MOSCOW, May 8, 2012 /PRNewswire/ -- Russian researchers from the Tomsk Polytechnic Research University and Icelandic professor, The Global Energy Prize laureate Thorsteinn I. Sigfusson showcased the fuel cells project, which run on hydrogen, at the round table "The role of hydrogen in the energy sector: Russian research and innovations," which was held on Russian Day on April 24, 2012 during Hannover Messe.
The catalyst for the new invention was, first and foremost, environmental concern, the struggle against the greenhouse effect and the limits of traditional energy resources.
"Hydrogen energy has been a distant dream: the evaporation point for burning hydrogen is three times higher than oil or petrol. But as hydrogen is hotter, it has a series of deficiencies: it is more volatile than methane; volumetric energy for combustion is three times smaller than for natural gas. Two issues are critical to succeed on this field: hydrogen manufacture and its use as a fuel. It is thought that if the price dropped from 5 euro to 2 euro, hydrogen fuel will come into demand," said Igor Lobovsky, President of the Global Energy Prize Partnership during his speech at Hannover Messe.
While the outlook and energy efficiency of this technology are undeniable, manifold investments will be required to further promote its development, both on the part of public organizations and business. Professor Thorsteinn I. Sigfusson highlighted the importance of Russian researchers taking part in such events as Hannover Messe: "I wanted our work to be introduced to show the capability and interest of the Russian scientists to possibly collaborate in Germany. So the Messe has a very important role for me. I am trying to open up Russia to negotiate possible partners for our technology from business or investment community."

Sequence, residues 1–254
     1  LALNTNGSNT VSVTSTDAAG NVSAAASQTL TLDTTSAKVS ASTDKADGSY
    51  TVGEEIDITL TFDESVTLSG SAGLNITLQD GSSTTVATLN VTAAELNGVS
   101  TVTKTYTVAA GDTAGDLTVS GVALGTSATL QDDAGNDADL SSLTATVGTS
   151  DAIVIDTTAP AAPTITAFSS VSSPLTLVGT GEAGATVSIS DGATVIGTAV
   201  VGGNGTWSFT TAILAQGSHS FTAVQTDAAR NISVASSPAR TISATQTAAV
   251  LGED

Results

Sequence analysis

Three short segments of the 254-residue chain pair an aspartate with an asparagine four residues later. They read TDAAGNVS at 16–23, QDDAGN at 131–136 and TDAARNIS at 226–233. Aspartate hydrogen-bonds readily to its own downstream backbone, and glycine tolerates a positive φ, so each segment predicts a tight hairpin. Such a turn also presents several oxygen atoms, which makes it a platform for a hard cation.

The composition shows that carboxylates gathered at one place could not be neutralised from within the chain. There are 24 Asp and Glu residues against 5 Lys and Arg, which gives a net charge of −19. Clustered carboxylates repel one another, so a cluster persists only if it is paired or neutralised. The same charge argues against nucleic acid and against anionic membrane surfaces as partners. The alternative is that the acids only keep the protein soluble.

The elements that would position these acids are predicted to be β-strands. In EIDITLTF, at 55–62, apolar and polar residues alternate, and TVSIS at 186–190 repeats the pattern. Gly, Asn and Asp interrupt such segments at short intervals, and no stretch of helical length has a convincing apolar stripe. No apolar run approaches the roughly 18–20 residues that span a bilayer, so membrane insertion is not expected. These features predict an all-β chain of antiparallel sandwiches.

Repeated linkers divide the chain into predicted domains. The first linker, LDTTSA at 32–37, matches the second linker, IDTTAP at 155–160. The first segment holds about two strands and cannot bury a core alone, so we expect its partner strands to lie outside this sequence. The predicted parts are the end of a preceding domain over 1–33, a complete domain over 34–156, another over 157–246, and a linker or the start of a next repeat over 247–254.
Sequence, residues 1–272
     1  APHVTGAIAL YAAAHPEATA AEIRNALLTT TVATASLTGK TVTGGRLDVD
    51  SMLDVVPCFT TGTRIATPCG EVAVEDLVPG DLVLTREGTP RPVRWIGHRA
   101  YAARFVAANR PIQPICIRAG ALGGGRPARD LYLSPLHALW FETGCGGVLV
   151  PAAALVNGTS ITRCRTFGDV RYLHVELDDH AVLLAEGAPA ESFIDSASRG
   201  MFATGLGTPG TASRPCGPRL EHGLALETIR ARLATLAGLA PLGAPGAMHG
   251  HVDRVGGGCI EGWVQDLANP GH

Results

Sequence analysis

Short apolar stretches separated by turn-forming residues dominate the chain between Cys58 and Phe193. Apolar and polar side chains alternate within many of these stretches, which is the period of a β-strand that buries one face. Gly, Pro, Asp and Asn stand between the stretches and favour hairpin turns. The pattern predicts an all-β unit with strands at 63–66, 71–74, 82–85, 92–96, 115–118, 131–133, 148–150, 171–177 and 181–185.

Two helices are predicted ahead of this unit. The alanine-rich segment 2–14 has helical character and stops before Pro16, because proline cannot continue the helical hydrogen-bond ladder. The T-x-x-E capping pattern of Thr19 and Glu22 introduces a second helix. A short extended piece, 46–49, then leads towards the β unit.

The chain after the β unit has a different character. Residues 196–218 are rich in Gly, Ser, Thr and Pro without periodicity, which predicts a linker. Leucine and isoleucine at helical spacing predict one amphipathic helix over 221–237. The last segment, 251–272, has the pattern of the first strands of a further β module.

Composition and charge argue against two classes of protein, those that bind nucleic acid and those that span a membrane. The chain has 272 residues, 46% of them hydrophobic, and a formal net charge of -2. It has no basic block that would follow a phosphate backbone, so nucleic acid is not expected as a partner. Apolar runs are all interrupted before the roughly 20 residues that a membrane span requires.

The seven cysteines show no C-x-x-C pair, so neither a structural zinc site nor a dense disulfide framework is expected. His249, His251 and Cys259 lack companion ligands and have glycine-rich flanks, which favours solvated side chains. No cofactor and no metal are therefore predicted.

"The results of Hannover Messe 2012 make it possible to state that Russia holds the potential to become a leader in fuel cell production. A strong theoretical base of scientific research combined with R&D models point to the tremendous potential of this technology," states Ankit Shukla, Industry Manager for Frost & Sullivan Technical Insights Group. The project, which has already been implanted in practice, serves as yet another vindication of this claim. Its implementation was fostered through the efforts of Non-profit Partnership "Global Energy" and the Ministry of Education and Science of the Russian Federation.
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About the Global Energy Prize
The Global Energy Prize awards over US$1m each year, and thus far has been granted to 24 scientists from around the globe, including past Laureates from the US, Great Britain, Canada, France, Germany, Iceland, Russia, Ukraine and Japan. The President of the Russian Federation participates in each year's award ceremony held at the conclusion of a week-long celebration of the awardees' work, Laureates' Week. Other world leaders who have supported the prize include the former US President George W. Bush, former British Prime Ministers Tony Blair and Gordon Brown, former French President Jacques Chirac and current Canadian Prime Minister, Steven Harper.
The Prize rewards innovation and solutions in global energy research and its concurrent environmental challenges. The degree to which a development contributes to the benefit of humanity is a key driver in deciding the recipient of the Prize.
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SOURCE Frost & Sullivan